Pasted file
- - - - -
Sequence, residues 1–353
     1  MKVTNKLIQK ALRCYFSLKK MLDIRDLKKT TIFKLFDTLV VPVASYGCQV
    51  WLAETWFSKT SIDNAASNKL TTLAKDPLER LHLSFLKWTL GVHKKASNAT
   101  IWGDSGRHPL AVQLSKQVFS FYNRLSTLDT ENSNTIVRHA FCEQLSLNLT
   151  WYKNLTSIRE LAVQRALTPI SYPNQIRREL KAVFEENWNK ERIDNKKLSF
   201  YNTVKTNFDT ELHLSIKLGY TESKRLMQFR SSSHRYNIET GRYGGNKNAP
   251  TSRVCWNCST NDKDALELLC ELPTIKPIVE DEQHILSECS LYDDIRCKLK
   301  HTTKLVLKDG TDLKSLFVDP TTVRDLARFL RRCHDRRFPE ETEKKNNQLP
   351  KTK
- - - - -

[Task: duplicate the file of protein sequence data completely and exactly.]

Sequence, residues 1–353
     1  MKVTNKLIQK ALRCYFSLKK MLDIRDLKKT TIFKLFDTLV VPVASYGCQV
    51  WLAETWFSKT SIDNAASNKL TTLAKDPLER LHLSFLKWTL GVHKKASNAT
   101  IWGDSGRHPL AVQLSKQVFS FYNRLSTLDT ENSNTIVRHA FCEQLSLNLT
   151  WYKNLTSIRE LAVQRALTPI SYPNQIRREL KAVFEENWNK ERIDNKKLSF
   201  YNTVKTNFDT ELHLSIKLGY TESKRLMQFR SSSHRYNIET GRYGGNKNAP
   251  TSRVCWNCST NDKDALELLC ELPTIKPIVE DEQHILSECS LYDDIRCKLK
   301  HTTKLVLKDG TDLKSLFVDP TTVRDLARFL RRCHDRRFPE ETEKKNNQLP
   351  KTK